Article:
What companies can do: Training, training, training. Companies should invite the staff to challenge assumptions, enhance objectivity and overcome stereotypes. PwC also advises them to review current recruitment and hiring policies to make sure candidates are hired based on their capabilities, not on affinities or assumptions. Specific goals and targets for gender equality should be adopted and results, measured.

What men can do:Be aware of the mindset that leads you to the familiar as it contributes to biases in hiring, promotions and workplace treatment. Look for concrete facts about the company you work for and what it’s doing to address the gender gap instead of simply believing your company is already improving gender diversity, as 60 percent of men do.

What women can do:Do you have an unconscious bias against yourself or your female colleagues? Treat women colleagues as allies, not competition. Give other women a helping hand.

Why is it so hard for women to become CEOs in fashion companies?

Reason #3: Fewer women in the pipeline

PwC’s assessment of the apparel companies in Fortune 1000 found that only 25 percent of female CEOs rose through the ranks while 54 percent of male CEOs did. Female CEOs are usually hired from outside, while men are more likely to be promoted as a reward for good performance. Additionally, men in apparel are admitted to executive training programs in higher numbers than women.

What companies can do:Investigate anomalies: are women leaving at a higher rate than men? Are they being promoted in similar numbers? Anonymous employee surveys, confidential individual interviews and focus groups are some of the ways companies can discover the underlying reasons.

What men can do:If you’re a manager, ensure equal consideration for women in development and promotions.

What women can do:Assess what’s in your control. Less than half the female millennials surveyed by PwC believed they could rise to the leadership level at their company.

Why is it so hard for women to become CEOs in fashion companies?

Reason #4: Societal constraints

Speaking of believing in yourself, unconscious bias also affect women’s confidence in their capabilities. According to the report, women usually don’t apply for a job unless they meet 100 percent of all requirements, while men apply if they meet 60 percent.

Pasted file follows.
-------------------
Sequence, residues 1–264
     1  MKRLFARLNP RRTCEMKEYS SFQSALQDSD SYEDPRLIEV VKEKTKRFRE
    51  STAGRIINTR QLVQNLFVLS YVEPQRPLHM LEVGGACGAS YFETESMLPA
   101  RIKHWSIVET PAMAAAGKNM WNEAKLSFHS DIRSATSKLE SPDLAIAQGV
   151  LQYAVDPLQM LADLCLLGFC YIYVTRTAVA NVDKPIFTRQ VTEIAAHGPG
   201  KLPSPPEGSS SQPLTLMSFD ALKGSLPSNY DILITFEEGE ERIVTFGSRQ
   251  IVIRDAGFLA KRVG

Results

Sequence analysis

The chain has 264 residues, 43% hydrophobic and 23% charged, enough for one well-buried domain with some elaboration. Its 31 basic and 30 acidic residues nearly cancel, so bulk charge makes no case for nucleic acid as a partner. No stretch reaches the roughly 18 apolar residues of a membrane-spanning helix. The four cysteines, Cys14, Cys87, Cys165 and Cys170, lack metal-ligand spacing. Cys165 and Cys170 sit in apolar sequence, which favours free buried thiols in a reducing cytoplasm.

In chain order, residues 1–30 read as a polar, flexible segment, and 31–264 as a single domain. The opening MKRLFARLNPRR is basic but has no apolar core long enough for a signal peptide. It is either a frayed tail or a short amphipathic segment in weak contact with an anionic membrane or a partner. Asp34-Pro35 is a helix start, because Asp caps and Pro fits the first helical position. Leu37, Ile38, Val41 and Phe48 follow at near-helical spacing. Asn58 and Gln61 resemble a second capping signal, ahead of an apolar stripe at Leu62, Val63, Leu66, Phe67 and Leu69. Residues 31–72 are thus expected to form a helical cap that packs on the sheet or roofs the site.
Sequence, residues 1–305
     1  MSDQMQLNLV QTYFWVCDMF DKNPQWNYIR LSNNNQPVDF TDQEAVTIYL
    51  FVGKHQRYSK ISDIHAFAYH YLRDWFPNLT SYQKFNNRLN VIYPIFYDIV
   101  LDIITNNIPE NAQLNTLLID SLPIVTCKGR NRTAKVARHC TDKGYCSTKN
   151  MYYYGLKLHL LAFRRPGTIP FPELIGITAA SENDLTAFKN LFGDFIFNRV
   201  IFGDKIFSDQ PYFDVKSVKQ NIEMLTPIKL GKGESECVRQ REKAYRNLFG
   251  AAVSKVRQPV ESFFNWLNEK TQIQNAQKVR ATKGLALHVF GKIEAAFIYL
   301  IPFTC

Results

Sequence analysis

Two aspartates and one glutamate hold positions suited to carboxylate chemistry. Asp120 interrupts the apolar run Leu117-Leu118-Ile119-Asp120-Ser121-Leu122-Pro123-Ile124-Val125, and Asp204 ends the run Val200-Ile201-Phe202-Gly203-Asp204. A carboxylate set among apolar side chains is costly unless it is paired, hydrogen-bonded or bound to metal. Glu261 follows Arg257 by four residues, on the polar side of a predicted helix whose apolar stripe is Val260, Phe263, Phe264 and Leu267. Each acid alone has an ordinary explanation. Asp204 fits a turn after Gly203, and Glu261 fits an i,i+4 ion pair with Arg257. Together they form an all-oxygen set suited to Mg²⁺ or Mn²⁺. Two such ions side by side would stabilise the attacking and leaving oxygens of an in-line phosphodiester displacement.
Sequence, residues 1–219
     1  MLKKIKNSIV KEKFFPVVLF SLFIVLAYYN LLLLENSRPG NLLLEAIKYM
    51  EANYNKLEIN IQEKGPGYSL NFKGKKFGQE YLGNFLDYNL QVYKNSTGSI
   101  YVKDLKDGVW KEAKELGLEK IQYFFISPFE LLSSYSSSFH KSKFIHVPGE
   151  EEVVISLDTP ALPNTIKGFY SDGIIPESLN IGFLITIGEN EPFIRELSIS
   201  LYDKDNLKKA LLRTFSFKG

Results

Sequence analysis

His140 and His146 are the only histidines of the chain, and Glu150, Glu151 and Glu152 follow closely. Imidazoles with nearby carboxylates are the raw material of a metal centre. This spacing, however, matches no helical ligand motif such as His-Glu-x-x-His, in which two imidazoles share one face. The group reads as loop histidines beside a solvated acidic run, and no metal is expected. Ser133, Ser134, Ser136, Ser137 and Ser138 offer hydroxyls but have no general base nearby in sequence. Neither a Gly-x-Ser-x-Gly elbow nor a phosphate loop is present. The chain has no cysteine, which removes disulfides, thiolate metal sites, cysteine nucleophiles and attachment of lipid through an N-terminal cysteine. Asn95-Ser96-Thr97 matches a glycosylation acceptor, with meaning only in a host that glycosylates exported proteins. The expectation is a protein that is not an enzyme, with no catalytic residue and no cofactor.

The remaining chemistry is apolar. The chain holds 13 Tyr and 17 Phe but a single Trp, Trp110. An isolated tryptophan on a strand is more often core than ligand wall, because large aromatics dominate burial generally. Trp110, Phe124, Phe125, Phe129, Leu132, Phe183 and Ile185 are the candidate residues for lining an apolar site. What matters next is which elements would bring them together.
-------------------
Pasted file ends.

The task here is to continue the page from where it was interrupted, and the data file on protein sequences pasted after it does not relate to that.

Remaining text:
This passage of best-selling book Nice Girls Don’t Get the Corner Office, by career coach Lois P. Frankel, exemplifies it well: “I once asked a man why he’d applied for a particular position when he knew he did not meet the stated requirements. His reply was simple: ‘I’m smart. I’ll learn them’. Women tend to remain in positions too long for fear of getting in over their heads. Unless a woman is 100 percent confident that she meets all the expectations for the job, she won't consider throwing her hat in the ring.”

What companies can do: Managers can help by praising positive contributions from female team members, and encouraging them to apply to high-profile assignments and promotion opportunities.

What men can do:Be a change agent. Speak up for a female colleague who is repeatedly cut off by a male colleague at a meeting. Praise and recommend female colleagues who do a good job.

What women can do:Punch above your weight more often. Don’t let fear of failure cause you to overlook jobs or assignments you could do with minimal training.

Reason #5: No support structure

Society still sees childcare as a fundamentally female task. Fathers aren’t disqualified by recruiters or passed on for promotions because they have children, as it is assumed that their wives will take on most of the work.

Unfortunately, that is often the case: women do take on most of the work. Childcare chores tend to be unequally divided in the household, causing female professionals to feel overwhelmed after having a child. Consequently, women who take a break from the apparel industry’s high-pressure expectations of long hours, obsessive focus and frequent travel to start a family often find they have to step back in their careers when they decide to return -- placing the C-suite much further out of reach.

What companies can do: Support non-linear career progression and flexible work arrangements without repercussions or stigma. This can be done by adjusting workloads, pairing down travel and scaling back responsibilities. Encourage men to participate in these same family-friendly policies. After all, they have kids too!

What men can do:Get involved in your child’s upbringing. Are you doing just as much for your kids as your wife is?

What women can do:Support female colleagues with children. If you’re a manager, be open to requests from women relaunching their careers.

Pictures: Pexels, Pixabay